Sunday, November 15, 2009

November 15th news

Palmer Station is starting to see more sun, as the ice and snow trickle a path to the ocean, we are starting to see more and more rocks appear on our little spit of Anvers Island of the coast of the Antarctic peninsula.
This past week brought many changes.

On November 15th today was a day off for Palmer Station. The sun was shining, the winds were calm and it was a chance for some folks to get out away from station and enjoy the water, the icebergs, the penguins or just snowshoeing at the old Palmer site which is now known as Amsler Island. I saw my first penguin egg today. The Adelies are just starting to lay eggs. Incubation takes about 30 days and by the middle of December we'll start seeing baby chicks.

Adelie Colony on Torgersen Island

A Gentoo Penguin wandering around in Adelie territory...

I had a few moments of listening to the water gently lap at the shore, the squawking of the adelies and the mighty deep throat belch coming from the elephant seas and the except for shutters of cameras of others taking pictures of the wildlife around me, it was heaven.

A grounded Iceberg off of Torgersen Island

November 11th:
We had a change of command from Rebecca Shoop who is the Palmer Peninsula Area Director to Robert (Bob) Farrell who is the Palmer and Marine area Director. Long titles which mean they have very important jobs, but one of the fun ones they get is to come to Palmer and be the station manager for snippets at a time. The changing of the guard happened yesterday as the National Geographic Explorer came to station, dropped Bob off and picked up Rebecca to get her started on her journey back to the States. I show them together standing on the pier observing Zodiac deployment of a group of people going out for the Rutgers Glider launch.

On November 11th some of us were able to go out in zodiacs to watch the launching of a 7' long unmanned ocean diving glider from Rutgers. It is on it's maiden voyage to travel to Rothera Station which is about 200 miles away. The glider has an air bladder in it that controls it's diving and rising capability. It glids at a specific angle towards a set point that is determined by the headquarters at Rutgers. Then it's bladder reverses and pumps air back into the nose and it rises back towards the surface and then proceeds this "Bladder full, bladder empty" back and forth and it sails underwater like a glider in the air. There are specific instruments in the glider to detect different information about the water, temperature, salinity and current. It will help determine much we don't know about the Antarctic waters. Where are the warmer waters coming from and does the salinity change when you get closer to the continent with the glacial melt water.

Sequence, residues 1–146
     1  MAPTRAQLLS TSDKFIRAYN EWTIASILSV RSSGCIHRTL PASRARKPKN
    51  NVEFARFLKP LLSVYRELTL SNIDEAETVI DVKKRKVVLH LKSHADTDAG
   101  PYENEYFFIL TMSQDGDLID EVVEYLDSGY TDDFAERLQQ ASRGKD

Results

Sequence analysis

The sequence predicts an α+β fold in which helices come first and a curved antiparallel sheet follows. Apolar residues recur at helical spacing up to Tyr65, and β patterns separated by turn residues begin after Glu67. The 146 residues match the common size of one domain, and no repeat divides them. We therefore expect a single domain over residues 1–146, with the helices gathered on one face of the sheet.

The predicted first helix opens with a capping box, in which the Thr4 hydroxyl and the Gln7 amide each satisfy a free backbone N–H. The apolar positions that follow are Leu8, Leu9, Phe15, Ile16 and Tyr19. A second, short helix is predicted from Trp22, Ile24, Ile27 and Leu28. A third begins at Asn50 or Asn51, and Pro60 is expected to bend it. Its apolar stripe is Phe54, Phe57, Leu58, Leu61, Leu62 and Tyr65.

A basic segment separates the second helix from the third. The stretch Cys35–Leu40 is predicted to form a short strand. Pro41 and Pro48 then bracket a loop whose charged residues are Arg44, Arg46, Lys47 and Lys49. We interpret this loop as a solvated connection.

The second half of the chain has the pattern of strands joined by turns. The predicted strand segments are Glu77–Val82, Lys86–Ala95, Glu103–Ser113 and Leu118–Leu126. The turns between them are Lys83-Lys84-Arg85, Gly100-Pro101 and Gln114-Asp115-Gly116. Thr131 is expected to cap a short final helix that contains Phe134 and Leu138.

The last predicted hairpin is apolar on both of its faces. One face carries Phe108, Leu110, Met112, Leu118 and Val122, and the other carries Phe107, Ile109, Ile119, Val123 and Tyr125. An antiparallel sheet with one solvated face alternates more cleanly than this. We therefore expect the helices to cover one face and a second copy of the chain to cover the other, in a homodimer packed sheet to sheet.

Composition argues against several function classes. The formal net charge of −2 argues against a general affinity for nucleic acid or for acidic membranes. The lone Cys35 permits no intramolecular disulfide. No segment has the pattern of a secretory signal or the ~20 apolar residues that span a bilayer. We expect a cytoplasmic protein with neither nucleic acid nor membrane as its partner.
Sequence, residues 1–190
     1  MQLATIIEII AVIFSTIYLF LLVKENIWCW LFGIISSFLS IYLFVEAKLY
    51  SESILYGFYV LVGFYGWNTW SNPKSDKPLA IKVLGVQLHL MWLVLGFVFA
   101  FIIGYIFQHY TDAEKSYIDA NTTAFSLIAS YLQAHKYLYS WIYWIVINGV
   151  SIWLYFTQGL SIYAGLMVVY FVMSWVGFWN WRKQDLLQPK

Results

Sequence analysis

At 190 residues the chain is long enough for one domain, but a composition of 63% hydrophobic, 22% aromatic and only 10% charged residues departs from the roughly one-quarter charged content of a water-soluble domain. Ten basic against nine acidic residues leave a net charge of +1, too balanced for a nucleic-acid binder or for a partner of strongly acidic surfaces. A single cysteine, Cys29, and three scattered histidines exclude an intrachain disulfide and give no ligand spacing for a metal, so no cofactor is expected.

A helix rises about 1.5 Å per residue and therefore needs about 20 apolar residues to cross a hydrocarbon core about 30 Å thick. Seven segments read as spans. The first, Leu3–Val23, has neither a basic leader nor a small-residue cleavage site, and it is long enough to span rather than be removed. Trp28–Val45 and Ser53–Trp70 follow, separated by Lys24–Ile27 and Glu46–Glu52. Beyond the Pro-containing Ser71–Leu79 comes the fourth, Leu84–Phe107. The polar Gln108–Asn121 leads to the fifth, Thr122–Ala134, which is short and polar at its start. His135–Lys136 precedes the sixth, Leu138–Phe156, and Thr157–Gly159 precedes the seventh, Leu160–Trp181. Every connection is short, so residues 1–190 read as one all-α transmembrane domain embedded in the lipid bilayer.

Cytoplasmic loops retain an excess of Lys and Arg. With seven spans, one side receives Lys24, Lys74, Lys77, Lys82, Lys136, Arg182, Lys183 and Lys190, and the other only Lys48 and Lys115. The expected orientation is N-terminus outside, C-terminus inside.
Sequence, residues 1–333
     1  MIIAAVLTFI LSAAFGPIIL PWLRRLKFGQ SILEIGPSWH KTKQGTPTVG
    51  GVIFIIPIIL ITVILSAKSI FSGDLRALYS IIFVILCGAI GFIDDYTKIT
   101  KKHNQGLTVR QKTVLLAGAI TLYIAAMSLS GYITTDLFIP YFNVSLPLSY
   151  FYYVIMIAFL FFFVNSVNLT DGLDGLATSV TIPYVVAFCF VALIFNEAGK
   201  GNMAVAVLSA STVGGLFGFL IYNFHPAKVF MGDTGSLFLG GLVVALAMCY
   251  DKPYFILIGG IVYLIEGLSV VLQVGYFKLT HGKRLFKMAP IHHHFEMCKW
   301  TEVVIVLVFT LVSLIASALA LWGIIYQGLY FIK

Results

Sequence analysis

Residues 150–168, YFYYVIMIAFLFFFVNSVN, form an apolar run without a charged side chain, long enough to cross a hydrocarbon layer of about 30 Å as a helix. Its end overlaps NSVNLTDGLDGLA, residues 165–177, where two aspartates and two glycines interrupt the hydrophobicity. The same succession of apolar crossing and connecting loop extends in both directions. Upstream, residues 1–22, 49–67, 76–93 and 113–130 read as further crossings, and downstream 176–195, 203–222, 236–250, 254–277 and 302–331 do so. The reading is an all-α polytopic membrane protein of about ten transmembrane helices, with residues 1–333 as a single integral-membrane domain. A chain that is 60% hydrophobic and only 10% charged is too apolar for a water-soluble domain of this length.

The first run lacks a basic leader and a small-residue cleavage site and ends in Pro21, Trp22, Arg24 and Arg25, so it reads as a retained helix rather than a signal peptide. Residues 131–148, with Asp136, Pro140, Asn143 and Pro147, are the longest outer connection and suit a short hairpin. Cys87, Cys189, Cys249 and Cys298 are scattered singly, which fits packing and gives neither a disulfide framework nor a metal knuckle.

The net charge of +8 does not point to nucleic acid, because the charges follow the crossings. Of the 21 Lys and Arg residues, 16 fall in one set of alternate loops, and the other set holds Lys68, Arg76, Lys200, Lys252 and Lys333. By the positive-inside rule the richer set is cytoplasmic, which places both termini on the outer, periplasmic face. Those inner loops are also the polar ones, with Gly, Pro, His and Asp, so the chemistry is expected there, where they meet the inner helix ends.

The Entourage heading out to Launch the Glider.

Launching of the Glider

Glider RU25

Diamonds that Glisten forever...

October 31st we had a DC8 Fly over that is associated with NASA's Ice Bridge project. They are mapping the ice on the antarctic peninsula. I'm enclosing a couple photos of the flyby over Palmer Station and include the link of a picture they took while over Palmer as we had spelled out "HI" with our float coats we use for boating in the zodiacs.
DC-8 heading towards Palmer

DC-8 and I can almost see the pilots...


  1. Thanks for sending this interesting blog...... a world and life I am totally unaware of. Will look forward to more.
    Nan Wright

  2. Great site Zee!! is it pants optional Friday yet?

    Matt Thompson

  3. Wow Zenobia - you live such a interestsing life. Thanks for sharing - I am very glad that I was able to meet you at Debbie's Big Birthday party and look forward to your next advanture!!! You rock - take care...........Judy Messner